As you may know, Climate Scale (CS) is a spin-off of Vortex that will offer a similar kind of high-resolution atmospheric modelling results but, instead of spanning 30 years back in time, it will forecast 50 to 100 years ahead.
At Vortex we are learning a lot from CS’s new and refreshing points of view. The CS team comprises climate modelers with deeper and more sophisticated opinions on apparently obvious concepts such as accuracy, error, measurements and uncertainty.
Lately, in what was quite a “philosophical” internal debate with them, measurements and model results were almost put on a par as “samples of the probability distribution that describes reality”. Ultimately, measurements can also be considered model results, with the model being the transfer function of the sensors. In this sense, their uncertainty or errors should at the end of the day be taken into account in a similar fashion to those of a computer model.
However, even at the risk of oversimplifying our clients’ views, we believe that many of them often consider measurements as the “clean” measure of the “reality”: a target towards which model results should “be aimed” and, hopefully, “hit”.
The latter is intended to be the meaning of the above image. The target is the “reality” (the measurements) and the deviations of the “shots” (the model results) from the bullseye are the “errors”, while the scattering of the different shots is the model “uncertainty” related with the dispersion of different model realizations around a central result.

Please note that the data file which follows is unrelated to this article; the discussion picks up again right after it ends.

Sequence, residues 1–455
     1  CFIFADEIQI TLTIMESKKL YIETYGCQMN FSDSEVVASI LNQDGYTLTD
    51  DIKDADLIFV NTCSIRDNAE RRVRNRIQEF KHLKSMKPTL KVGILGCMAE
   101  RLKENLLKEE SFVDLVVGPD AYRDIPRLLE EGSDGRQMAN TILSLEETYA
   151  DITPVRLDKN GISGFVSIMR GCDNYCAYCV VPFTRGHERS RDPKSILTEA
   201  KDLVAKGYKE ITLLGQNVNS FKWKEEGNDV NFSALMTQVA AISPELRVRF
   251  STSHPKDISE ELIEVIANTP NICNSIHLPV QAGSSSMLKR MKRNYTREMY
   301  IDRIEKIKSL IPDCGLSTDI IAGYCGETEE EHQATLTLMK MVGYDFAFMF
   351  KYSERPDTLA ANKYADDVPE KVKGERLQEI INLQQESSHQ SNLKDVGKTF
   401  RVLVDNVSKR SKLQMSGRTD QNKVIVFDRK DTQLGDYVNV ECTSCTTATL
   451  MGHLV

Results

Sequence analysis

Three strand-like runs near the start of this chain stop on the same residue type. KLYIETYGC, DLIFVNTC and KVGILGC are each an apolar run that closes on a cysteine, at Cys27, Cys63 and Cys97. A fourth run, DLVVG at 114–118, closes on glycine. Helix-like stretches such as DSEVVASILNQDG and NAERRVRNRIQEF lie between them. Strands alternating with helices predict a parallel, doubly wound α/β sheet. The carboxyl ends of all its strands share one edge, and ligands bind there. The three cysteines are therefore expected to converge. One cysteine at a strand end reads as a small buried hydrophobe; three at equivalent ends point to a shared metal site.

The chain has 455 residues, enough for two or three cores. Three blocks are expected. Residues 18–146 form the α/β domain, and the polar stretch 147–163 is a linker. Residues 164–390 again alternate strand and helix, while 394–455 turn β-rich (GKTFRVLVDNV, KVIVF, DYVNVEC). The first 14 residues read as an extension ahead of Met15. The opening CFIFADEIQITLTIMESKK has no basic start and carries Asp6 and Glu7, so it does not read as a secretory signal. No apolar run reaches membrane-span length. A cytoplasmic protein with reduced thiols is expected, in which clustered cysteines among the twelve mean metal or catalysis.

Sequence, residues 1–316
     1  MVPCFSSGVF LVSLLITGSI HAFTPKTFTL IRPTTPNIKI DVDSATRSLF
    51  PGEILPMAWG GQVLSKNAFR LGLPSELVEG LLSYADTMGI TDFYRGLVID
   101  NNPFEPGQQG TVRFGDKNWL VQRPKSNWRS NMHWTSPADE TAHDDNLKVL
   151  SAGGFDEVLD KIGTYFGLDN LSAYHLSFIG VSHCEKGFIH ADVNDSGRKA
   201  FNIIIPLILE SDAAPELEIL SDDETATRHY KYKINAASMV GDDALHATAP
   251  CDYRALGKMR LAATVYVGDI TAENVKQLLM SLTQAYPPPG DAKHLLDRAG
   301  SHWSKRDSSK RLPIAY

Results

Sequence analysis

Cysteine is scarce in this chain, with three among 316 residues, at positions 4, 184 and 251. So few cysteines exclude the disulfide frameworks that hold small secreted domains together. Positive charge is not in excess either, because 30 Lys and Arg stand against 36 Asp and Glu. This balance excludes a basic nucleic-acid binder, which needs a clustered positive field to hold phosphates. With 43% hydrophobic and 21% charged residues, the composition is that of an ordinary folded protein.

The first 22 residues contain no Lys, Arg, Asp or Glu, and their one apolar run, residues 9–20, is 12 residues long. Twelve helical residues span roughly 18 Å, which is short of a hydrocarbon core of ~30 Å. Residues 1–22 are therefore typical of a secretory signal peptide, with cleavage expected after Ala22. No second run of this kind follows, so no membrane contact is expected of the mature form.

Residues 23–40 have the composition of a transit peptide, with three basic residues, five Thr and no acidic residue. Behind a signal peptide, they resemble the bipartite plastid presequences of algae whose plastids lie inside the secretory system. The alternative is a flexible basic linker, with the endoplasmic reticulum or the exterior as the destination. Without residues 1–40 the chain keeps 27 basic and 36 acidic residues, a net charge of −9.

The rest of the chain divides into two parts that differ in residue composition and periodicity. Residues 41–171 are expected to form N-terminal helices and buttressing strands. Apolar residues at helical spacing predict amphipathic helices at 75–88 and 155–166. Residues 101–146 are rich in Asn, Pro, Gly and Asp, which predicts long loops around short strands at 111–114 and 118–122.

As we have seen in many cases that uncertainty and error, as defined in the last paragraph, are not related (i.e. all four cases of the image above are equally possible). When one of our customers launch a model run at a new site where “reality” is unknown, how is knowing the dispersion of the “shots” around a central result of use if she is concerned with the deviation of that central result from the (unknown) target?
So I’m afraid that the open question I posed in my previous post remains unanswered. Your opinions are therefore still very welcome.